Learning the capabilities and limitations of your camera can go a long way to help you achieve the perfect lighting in that small room. In some cases, increasing light sensitivity and raising ISO can drastically cut down your lighting needs. You should experiment as much as necessary to figure out just how much light your camera needs to pull off the perfect result. Here are a few things you can do here:
Check for Exposure on the Camera Monitor
The exposure is how much light your camera is taking in and the brightness of the picture. With a green screen, you should ensure the brightness is a little weaker than what you’d have for other videos. Otherwise, you may end up capturing colors that aren’t green. Waveform monitors do a better job here than standard camera monitors.
Alternatively, you can work with mobile apps like Green Screener or Cine Meter. They can help you check exposure and lighting evenness.
Adjust the Aperture if Necessary
The aperture is the part of the camera lens in charge of drawing light into the camera. Widen it if your green screen is too dark or underexposed, or narrow if the screen is too bright.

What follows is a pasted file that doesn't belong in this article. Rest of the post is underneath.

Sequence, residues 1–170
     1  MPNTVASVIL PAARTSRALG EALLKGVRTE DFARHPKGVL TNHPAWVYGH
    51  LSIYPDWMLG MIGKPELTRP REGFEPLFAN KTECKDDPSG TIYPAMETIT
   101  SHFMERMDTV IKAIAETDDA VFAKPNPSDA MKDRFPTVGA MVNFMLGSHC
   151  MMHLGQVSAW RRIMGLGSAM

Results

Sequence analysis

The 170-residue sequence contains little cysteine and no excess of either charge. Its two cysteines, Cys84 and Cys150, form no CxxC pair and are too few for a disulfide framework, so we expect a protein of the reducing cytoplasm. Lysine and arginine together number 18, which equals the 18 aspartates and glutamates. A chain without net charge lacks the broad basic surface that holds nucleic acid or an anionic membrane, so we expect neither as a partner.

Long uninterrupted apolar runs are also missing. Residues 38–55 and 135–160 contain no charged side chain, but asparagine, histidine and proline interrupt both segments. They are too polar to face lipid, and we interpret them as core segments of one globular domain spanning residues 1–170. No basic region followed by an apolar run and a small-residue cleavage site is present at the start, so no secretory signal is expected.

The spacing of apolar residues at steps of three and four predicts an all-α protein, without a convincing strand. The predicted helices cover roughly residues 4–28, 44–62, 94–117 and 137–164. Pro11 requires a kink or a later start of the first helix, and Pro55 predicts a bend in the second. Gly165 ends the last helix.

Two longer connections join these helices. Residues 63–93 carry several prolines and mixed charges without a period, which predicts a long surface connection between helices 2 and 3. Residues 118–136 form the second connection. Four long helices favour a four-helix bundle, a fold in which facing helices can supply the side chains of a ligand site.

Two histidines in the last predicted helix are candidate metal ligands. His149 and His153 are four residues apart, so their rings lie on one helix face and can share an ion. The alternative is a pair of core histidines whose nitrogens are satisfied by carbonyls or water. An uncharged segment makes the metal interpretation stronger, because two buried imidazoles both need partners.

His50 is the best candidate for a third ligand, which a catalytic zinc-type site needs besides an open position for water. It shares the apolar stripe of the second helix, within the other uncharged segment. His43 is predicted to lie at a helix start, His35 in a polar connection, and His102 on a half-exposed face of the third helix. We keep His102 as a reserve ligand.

Reduce Digital Noise by Lowering ISO
Digital noise refers to random color specks that can appear in your shots. The ISO setting can brighten or darken a picture, so higher ISOs may lead to more noise, making the green screen color isolation a lot harder. Don’t lower it too much to avoid underexposure.
For more information, check out my article on solving green screen flickering.
When lighting a green screen in a small room, your focus should be on ensuring that all the backdrop areas that appear in the frame are correctly exposed and evenly lit. You can achieve this by using the right lighting hardware and positioning them correctly in the room.
A backdrop underexposed on one side and lit properly on the other side often equates to too much work for the editor or compositor when pulling the chroma key. This will also be the case if the backdrop is over or underexposed. If the backdrop isn’t showing as green on camera, pulling a key from it won’t work.
For more information, check out this article about the best fabrics for photo backdrops.